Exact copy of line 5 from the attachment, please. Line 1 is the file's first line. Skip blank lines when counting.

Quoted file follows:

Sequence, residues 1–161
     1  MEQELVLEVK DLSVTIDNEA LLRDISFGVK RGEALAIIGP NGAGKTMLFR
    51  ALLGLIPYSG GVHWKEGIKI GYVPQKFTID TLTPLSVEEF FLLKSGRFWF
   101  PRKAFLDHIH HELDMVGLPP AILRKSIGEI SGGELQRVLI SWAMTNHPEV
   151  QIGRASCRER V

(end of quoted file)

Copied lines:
   151  QIGRASCRER V